Netanyahu forms coalition government in Israel

On Tuesday, Benjamin Netanyahu declared that he had assembled Israel’s most right-wing government ever.

In November, Israeli Prime Minister Benjamin Netanyahu won re-election, gaining a mandate to form a coalition government with the help of two ultra-Orthodox Jewish parties and an extreme-right group.

An ideologically diverse coalition removed him as prime minister in 2021, leaving him poised to end Israel’s record of five elections in less than four years, resulting in political gridlock. His victory on Tuesday enabled him to reunite the divided party.

Israeli Prime Minister Benjamin Netanyahu, who is currently battling corruption charges in court, has already served as premier for more than anyone else in Israel’s history, including a 12-year term from 2009 to 2021. His deadline to conclude coalition talks had expired at midnight. According to the Prime Minister’s office, he phoned President Isaac Herzog minutes before the deadline to inform him that he had established a government.

The Likud party, working in tandem with Israel’s ultra-Orthodox parties and hard-line religious nationalists, won a plurality of seats in the election.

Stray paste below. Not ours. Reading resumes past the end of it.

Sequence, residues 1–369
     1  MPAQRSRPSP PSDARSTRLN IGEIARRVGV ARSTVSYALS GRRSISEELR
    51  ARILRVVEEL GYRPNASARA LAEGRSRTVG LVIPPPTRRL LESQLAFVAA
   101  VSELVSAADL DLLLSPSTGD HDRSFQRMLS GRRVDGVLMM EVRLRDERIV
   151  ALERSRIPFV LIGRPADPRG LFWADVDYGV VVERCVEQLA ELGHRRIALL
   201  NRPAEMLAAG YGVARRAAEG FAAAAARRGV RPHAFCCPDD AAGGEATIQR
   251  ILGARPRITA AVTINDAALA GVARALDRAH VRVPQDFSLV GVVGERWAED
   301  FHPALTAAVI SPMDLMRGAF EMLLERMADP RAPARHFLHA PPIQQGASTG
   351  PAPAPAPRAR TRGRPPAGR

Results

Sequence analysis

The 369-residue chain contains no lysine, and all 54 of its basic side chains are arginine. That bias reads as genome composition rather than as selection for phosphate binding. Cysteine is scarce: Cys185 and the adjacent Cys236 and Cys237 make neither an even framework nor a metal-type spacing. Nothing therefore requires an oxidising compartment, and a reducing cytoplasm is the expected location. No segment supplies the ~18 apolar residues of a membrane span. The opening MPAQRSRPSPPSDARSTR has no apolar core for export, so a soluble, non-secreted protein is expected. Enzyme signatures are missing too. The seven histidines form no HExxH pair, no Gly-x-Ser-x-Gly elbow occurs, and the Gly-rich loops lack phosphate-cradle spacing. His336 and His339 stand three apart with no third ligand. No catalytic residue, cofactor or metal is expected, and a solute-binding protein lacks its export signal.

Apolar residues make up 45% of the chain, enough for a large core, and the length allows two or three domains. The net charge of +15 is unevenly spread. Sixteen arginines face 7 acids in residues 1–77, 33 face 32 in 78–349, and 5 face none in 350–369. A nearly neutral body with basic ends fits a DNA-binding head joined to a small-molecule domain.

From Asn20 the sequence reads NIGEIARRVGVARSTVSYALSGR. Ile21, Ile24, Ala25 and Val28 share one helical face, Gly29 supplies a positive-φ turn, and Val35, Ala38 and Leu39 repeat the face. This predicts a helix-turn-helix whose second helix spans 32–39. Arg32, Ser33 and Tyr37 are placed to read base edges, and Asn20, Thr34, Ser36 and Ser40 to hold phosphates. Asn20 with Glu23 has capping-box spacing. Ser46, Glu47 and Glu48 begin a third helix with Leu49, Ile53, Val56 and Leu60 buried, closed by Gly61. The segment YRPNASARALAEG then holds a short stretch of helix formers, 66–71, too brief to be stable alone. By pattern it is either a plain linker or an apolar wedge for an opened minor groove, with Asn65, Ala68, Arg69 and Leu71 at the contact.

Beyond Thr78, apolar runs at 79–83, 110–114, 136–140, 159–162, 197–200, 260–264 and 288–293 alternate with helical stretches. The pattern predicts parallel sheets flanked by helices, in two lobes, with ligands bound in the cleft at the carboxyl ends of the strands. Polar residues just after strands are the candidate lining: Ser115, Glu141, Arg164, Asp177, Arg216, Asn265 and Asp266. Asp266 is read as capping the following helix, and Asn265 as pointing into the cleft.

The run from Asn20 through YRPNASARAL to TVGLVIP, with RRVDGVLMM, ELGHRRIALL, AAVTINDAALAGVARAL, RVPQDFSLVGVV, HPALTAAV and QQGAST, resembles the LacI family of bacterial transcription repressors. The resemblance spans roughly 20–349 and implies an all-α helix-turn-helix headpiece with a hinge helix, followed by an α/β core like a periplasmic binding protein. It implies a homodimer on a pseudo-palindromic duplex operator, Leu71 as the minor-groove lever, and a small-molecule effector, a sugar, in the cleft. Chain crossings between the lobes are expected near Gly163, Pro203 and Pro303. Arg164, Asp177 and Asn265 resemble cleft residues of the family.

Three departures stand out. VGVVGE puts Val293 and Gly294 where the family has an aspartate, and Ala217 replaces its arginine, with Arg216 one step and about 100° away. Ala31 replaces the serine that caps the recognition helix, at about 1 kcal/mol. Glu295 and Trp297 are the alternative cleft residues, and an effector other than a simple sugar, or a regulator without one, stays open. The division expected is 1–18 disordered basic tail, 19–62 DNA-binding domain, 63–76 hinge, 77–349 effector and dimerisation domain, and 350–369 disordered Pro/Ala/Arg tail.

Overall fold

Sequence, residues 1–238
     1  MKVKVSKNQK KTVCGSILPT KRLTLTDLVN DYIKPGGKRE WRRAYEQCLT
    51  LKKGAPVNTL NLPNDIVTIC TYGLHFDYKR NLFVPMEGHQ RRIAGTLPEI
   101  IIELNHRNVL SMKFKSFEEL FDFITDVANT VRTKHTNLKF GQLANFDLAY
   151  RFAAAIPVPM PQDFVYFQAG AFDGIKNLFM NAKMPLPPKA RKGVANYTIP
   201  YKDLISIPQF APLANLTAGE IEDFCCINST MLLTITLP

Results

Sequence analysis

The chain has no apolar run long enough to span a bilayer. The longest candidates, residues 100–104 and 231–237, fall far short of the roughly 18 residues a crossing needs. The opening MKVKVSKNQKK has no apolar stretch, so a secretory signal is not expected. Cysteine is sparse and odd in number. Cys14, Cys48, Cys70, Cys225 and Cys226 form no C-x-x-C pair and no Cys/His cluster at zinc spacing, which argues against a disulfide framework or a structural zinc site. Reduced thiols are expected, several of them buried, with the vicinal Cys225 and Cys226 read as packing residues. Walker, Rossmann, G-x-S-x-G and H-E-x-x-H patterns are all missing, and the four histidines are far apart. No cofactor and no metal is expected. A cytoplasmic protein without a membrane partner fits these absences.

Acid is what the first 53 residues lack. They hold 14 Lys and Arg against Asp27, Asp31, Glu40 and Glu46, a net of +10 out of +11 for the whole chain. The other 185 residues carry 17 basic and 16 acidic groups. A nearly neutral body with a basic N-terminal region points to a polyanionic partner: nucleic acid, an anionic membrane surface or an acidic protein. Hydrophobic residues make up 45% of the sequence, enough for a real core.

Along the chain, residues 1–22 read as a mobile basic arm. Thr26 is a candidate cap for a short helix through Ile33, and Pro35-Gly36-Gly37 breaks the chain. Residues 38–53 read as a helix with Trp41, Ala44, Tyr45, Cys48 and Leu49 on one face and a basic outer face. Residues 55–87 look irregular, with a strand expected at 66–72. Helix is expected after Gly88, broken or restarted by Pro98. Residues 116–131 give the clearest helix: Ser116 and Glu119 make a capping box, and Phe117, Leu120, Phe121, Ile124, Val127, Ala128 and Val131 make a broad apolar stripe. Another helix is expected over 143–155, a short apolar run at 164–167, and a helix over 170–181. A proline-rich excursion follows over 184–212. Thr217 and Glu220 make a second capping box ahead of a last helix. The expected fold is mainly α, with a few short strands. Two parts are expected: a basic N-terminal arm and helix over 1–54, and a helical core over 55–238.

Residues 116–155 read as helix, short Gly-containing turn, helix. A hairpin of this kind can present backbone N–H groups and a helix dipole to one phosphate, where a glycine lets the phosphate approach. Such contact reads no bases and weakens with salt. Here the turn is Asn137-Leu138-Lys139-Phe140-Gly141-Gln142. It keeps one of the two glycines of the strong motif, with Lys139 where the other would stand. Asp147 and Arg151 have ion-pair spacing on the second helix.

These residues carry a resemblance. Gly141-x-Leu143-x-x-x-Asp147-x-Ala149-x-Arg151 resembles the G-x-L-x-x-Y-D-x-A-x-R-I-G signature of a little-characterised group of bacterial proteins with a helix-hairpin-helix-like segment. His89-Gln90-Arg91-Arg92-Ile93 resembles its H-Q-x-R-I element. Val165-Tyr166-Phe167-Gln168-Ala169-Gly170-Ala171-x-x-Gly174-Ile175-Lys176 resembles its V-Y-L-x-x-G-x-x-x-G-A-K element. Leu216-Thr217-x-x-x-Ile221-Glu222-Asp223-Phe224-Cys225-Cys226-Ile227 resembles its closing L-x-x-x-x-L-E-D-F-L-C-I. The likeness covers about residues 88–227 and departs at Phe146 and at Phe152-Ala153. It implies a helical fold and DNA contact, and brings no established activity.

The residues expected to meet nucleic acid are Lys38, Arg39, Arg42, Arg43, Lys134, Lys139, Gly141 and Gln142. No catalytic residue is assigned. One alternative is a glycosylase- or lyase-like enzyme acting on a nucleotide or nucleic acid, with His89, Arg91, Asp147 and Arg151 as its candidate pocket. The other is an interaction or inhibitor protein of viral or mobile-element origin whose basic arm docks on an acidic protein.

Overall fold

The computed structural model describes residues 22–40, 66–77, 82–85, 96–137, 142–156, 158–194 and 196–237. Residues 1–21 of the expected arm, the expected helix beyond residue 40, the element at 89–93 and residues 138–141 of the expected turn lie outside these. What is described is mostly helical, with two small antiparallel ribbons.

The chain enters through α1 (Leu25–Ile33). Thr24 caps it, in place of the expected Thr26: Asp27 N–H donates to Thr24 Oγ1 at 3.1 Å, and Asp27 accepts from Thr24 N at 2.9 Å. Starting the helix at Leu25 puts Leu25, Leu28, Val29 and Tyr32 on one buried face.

Political analysts had predicted ahead of the November elections that Prime Minister Netanyahu would be able to form a new government quickly, because of the shared ideological ground between his Likud party and its allies.

Netanyahu, however, was forced to balance demands for senior cabinet posts, some of which he was required to grant. Itamar Ben Gvir, leader of the Jewish Power party, which has spoken out frequently against Arabs, was invited to become the head of an expanded national security ministry. Part of the delay in signing the coalition agreement was down to Ben-Gvir’s demands for increased control over policing than previous ministers had.

When the new government will be sworn in is not immediately clear. Mr Netanyahu told Mr Herzog that he wants to do so as soon as possible.
The crucial parliamentary business remaining unfinished could cause delays because of the continuing Jewish Hannukah holiday.


Image Credit: AP Photo/Oren Ziv, File